Create a Strong Terms of Service Agreement

Do your research!
Don’t just look at other ToS Agreements on deviantArt, many of them are not strong. If you can’t afford to hire an attorney, do some serious Google searching. There are a ton of really good samples of what your ToS should include.
Again, I’m planning a full journal for this as well, but a few points I could make right now are to include;
A) That you own all rights to your work. Make sure that this is a part of your Terms of Service. Yes, it goes without saying that you own what you make, but many times customers have the misinformed idea that because they’ve paid you they automatically own the artwork and can sell it, make prints of it, etc.
B) A clause about what happens if you become ill. I know it’s likely not something you’re thinking about now, but what if you take a commission and suddenly become ill or are involved in an accident of some kind? You’ll want to detail out what happens. Does the customer get a full refund? Do you require an extension on the work deadline? Do you retain their deposit or the payment for the work that’s been completed, but refund the rest? Think about this now, not later.
C) Bounced checks and returned payments. What if the client pays you in a check and it bounces? What happens if they do a charge-back with PayPal? Is there a fee that you’ll need covered? Most companies have a Returned Payment Fee because they don’t want to get stuck with the fee from the bank or processing center. It’s a smart fee to have included in your contract. From a consumer point of view, I know we all hate that fee, but from a business perspective, it’s a smart idea to have.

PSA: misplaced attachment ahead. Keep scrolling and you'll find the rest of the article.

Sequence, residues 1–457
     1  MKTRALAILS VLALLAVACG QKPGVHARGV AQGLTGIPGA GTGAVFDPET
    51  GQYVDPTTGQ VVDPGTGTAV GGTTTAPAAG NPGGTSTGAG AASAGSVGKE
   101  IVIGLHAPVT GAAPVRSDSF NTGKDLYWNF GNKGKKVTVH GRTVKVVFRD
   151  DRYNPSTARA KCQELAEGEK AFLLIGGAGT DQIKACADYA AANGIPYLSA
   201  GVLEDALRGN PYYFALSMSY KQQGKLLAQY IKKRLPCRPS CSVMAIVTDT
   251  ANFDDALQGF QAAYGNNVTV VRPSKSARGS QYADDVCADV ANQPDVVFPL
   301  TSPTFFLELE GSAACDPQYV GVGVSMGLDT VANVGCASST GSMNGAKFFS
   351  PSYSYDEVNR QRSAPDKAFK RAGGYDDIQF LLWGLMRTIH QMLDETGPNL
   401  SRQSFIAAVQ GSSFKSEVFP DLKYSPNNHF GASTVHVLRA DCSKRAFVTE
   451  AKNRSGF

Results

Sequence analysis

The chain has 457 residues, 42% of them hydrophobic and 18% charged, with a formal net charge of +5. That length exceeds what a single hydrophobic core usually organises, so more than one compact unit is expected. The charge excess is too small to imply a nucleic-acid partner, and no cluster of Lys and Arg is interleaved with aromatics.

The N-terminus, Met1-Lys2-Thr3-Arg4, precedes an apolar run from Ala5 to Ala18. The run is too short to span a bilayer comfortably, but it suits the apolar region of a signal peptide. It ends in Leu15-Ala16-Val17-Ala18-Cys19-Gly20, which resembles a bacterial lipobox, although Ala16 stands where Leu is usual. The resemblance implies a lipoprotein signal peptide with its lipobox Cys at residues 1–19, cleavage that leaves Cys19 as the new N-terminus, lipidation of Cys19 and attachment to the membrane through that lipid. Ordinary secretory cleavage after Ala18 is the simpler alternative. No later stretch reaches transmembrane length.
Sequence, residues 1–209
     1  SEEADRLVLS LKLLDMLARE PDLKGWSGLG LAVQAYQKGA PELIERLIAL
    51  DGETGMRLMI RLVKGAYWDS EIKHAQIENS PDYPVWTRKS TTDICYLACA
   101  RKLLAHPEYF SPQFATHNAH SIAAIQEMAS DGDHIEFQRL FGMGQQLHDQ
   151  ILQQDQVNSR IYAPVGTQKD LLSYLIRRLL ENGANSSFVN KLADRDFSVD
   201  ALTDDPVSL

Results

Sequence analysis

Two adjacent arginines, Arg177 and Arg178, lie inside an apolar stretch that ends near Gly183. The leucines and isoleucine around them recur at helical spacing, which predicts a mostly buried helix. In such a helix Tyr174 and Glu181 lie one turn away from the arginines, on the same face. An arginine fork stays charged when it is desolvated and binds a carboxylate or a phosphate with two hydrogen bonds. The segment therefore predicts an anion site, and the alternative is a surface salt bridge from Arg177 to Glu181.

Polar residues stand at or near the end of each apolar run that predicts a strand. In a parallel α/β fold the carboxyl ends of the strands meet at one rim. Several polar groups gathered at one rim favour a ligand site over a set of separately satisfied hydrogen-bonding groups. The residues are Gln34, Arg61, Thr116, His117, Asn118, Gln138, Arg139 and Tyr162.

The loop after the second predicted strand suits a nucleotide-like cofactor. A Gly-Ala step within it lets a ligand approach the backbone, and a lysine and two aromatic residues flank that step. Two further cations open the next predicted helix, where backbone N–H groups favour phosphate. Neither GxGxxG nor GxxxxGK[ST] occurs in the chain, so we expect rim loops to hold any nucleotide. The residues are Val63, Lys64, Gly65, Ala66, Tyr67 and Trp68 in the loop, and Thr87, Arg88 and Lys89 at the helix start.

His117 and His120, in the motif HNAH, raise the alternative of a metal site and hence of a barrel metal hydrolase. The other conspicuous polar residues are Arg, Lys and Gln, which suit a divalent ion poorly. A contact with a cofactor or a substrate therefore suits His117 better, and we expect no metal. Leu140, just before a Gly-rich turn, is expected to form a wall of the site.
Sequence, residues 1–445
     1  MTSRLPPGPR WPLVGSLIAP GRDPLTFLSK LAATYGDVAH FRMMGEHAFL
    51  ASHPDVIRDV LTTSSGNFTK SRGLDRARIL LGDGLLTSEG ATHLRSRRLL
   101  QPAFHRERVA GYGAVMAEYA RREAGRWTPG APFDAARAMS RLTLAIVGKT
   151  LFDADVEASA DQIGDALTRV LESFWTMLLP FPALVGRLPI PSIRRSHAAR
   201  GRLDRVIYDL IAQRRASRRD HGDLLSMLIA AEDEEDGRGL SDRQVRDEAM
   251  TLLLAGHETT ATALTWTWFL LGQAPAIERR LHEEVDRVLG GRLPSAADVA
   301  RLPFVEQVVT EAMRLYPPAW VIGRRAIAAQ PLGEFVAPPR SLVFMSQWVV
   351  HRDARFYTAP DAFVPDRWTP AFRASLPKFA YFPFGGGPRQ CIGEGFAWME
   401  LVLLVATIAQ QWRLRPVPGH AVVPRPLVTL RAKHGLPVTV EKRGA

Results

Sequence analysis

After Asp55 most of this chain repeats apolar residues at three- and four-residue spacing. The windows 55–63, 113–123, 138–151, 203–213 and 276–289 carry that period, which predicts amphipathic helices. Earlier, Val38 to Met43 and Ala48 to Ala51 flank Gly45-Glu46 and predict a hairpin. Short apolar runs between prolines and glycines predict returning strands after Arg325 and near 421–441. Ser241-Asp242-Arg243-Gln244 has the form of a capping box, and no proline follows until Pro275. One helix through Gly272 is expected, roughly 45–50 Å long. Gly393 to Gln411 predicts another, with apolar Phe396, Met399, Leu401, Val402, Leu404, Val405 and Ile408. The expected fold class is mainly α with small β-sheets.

D) Do you have a Rush Fee? If a client contacts you and says “I need this done in three days time!” and your average turn around is a month, will there be an additional charge? Keep in mind that this means you’ll be putting all your other clients on the back burner, working longer hours than usual and possibly even weekends or holidays - maybe both. Most artists do have an additional charge for this. Think of it as over time.

**Have a Terms of Service before you open for commissions. Not after. Don’t wait for something to happen where you wish you’d had one.** 

Have Samples of Your Work

Weirdly enough, I felt the need to add this in here. I’ve seen a few people open for commissions that they don’t even have examples for. I’ve been contacted by people who have seriously told me “I don’t have any samples of animation, but I’m a really good animator. I work for $50/30 seconds. When do I start?”.
Don’t be that person. If you’re offering character design commissions, have some samples. If you’re offering storyboard commissions, have some samples. Illustration? Have some samples. Badges? Make some samples. Animation? You guessed it. Samples.
By doing this you’re not only showing your potential customers that you can provide the work you’re claiming you can and giving an example of quality, you’re doing yourself a favor by knowing an approximate of how long it’s going to take you to finish the work so you’re not overcharging your customer or short changing yourself.

In Closing

Remember! These steps aren’t just to help you get more commissions, they’re there for your protection. You don’t want to be involved in an all-too-common horror story scenario where a client can take advantage of you, and you don’t want to give your client a horror story about yourself (that they’ll undoubtedly share with every one of their friends and followers).

Protect your client, protect yourself, and protect your business.

anonymous asked: